Is Your Child Reading For Meaning? 10 Questions to Ask Yourself

reading for meaning

Reading for meaning, or reading comprehension, refers to an understanding of what’s been read, and is one of the five essential elements of reading instruction.

Parents play an important role in developing their child’s comprehension skills, which takes practice and patience. To better understand whether your child is reading for meaning, you can start by asking yourself the following questions:

1. Is my child paying attention? Ask your child literal comprehension questions, which are questions that require an answer that can be found directly in the text, for example, ‘What was the rabbit’s friend called?’ This will encourage your child to pay close attention to key information in the text. Reading Eggs is carefully designed to build reading comprehension in young children (see how it works with a free trial here).

2. Can they draw conclusions based on what they have read? Ask inferential comprehension questions, which are a bit trickier and require answers that are less obvious. These questions encourage your child to draw conclusions based on what they have read, for example, ‘Why do you think the rabbit felt afraid to go into the garden?’

3. Are they asking questions? Proficient readers know when they understand what they read and when they do not. If your child is reading for meaning, they may sometimes ask questions about what certain things mean. This shows that they are thinking about what they are reading.

4. Are they able to stop and answer questions? Asking your child questions helps them focus their attention and think actively about what they are reading. Ask questions about the text while you are reading together, such as, ‘Why do you think the wolf did that?’ or ‘How do you think the little boy feels now?’

5. Can they make connections between what they’ve read and what they already know?  Observe whether your child is able to relate what they are reading to prior experiences and knowledge. They may even make connections between what they are reading currently and what they have already read in the past.

6. Can they make predictions? Stop periodically while reading to encourage your child to predict what might happen next. Readers who read for meaning are able to take what they have already read and make predictions about the story before it ends.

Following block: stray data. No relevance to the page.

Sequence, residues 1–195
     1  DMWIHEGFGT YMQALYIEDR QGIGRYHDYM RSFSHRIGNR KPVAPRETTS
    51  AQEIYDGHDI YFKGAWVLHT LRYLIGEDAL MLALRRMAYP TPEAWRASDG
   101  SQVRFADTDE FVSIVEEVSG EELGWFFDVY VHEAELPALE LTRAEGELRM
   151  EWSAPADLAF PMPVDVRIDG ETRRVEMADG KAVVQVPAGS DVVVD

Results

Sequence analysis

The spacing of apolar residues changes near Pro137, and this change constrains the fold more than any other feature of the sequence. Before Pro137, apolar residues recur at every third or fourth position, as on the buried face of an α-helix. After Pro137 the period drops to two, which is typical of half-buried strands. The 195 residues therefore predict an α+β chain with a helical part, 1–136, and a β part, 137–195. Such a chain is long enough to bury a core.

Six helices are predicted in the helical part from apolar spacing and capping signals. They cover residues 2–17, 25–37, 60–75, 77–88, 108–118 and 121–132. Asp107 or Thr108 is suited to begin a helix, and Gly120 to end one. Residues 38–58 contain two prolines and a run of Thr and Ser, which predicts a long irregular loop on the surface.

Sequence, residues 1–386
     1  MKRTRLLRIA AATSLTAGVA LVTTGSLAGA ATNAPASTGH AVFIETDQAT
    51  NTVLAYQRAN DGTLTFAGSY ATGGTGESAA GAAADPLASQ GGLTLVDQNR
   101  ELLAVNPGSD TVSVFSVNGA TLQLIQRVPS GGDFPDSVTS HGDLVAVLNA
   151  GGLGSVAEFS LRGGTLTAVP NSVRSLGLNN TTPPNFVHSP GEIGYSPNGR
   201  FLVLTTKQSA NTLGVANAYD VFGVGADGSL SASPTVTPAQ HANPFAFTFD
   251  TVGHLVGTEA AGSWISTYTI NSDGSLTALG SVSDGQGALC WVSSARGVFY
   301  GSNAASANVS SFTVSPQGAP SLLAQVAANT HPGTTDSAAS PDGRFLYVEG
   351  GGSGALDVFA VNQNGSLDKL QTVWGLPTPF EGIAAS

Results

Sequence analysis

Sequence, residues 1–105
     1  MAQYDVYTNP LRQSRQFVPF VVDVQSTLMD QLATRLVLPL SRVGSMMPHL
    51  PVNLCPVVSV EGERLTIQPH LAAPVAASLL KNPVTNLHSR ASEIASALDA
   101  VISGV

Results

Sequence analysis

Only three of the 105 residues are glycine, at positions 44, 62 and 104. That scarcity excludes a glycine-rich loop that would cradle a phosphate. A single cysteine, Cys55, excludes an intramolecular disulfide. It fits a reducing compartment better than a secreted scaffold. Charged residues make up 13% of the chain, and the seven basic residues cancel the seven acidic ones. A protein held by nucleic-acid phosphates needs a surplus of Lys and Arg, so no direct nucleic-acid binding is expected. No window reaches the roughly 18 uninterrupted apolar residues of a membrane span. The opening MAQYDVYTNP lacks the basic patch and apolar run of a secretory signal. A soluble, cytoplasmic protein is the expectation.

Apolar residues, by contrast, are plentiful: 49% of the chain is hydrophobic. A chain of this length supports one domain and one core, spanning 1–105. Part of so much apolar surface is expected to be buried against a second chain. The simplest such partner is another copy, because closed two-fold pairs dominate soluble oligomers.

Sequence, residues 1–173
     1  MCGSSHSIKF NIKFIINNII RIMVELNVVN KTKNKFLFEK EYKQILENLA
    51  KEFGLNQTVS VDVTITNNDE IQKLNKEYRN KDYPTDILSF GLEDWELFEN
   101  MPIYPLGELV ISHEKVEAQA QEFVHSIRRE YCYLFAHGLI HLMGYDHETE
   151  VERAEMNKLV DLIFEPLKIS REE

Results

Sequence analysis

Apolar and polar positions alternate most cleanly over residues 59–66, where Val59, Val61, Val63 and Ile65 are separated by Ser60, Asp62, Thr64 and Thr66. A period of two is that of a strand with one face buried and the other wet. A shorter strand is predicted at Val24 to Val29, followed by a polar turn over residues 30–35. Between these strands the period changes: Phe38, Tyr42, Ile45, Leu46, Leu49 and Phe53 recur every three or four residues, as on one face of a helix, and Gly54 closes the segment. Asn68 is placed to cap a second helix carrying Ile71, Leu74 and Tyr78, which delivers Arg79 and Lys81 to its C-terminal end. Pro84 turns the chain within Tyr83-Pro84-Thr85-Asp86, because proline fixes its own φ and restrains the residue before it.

7. Can they visualise and describe what they’ve read with few illustrations? After reading a text, ask your child to summarise what they’ve read or illustrate the events. Practise doing this with books that include little or no illustrations.

8. Can they support their interpretations or ideas about what they’re reading by giving examples? Talk to your child about the text and ask them how they think or feel about it. Ask them to give you examples in the text to support their interpretations, for example, ‘What part of the story makes you think that?’

9. Can they describe the character’s moods and motives? Ask your child to talk about how the characters in the text might be feeling, or why they have taken specific courses of action.

10. Can they identify the main idea in the text? When you’ve finished reading, ask your child to tell you what happened in their own words. Observe whether they can determine the most important information in the text.

Reading for meaning is a big part of learning to develop a lifelong love of reading. To help your child build their comprehension skills, read our previous blog posts Building Comprehension Skills and Overcoming Comprehension Difficulties.

Visit www.readingeggs.com to see how your child can learn how to read while having fun with Reading Eggs!

2 thoughts on “Is Your Child Reading For Meaning? 10 Questions to Ask Yourself

  1. […] Talk about the story as you go, and explain things if you need to – Stories from our childhood may use more unfamiliar words, language and themes than usual. Some of it may even be outdated. But this shouldn’t be a big problem. Explain the story as you go, and modify the language if you need to. Once you’re halfway through and your child is used to the style, it won’t be as necessary. If it’s a chapter book, read a chapter at a time, especially for children five and under – short sharp bursts will help them maintain interest. Read some helpful ways to make sure your child is reading for meaning. […]

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